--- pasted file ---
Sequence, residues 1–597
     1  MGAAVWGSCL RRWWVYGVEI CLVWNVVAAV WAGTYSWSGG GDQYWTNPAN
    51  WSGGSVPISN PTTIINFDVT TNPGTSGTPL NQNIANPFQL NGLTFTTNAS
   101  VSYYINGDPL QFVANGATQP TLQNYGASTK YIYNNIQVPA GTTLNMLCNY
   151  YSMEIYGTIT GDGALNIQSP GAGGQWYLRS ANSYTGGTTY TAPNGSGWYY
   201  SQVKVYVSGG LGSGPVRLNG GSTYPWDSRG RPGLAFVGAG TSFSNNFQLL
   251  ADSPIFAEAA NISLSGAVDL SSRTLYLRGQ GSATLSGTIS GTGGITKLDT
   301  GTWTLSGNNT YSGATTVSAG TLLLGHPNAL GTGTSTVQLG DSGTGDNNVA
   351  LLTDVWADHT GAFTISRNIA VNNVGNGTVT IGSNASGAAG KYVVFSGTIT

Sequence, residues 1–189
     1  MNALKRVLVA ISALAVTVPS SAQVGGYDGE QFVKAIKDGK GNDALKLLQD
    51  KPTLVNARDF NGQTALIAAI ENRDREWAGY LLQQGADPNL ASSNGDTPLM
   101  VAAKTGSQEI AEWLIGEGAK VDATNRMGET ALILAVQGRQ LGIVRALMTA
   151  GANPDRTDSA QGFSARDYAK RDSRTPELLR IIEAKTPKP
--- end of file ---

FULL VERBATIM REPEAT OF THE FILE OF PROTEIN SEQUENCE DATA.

Sequence, residues 1–597
     1  MGAAVWGSCL RRWWVYGVEI CLVWNVVAAV WAGTYSWSGG GDQYWTNPAN
    51  WSGGSVPISN PTTIINFDVT TNPGTSGTPL NQNIANPFQL NGLTFTTNAS
   101  VSYYINGDPL QFVANGATQP TLQNYGASTK YIYNNIQVPA GTTLNMLCNY
   151  YSMEIYGTIT GDGALNIQSP GAGGQWYLRS ANSYTGGTTY TAPNGSGWYY
   201  SQVKVYVSGG LGSGPVRLNG GSTYPWDSRG RPGLAFVGAG TSFSNNFQLL
   251  ADSPIFAEAA NISLSGAVDL SSRTLYLRGQ GSATLSGTIS GTGGITKLDT
   301  GTWTLSGNNT YSGATTVSAG TLLLGHPNAL GTGTSTVQLG DSGTGDNNVA
   351  LLTDVWADHT GAFTISRNIA VNNVGNGTVT IGSNASGAAG KYVVFSGTIT

Sequence, residues 1–189
     1  MNALKRVLVA ISALAVTVPS SAQVGGYDGE QFVKAIKDGK GNDALKLLQD
    51  KPTLVNARDF NGQTALIAAI ENRDREWAGY LLQQGADPNL ASSNGDTPLM
   101  VAAKTGSQEI AEWLIGEGAK VDATNRMGET ALILAVQGRQ LGIVRALMTA
   151  GANPDRTDSA QGFSARDYAK RDSRTPELLR IIEAKTPKP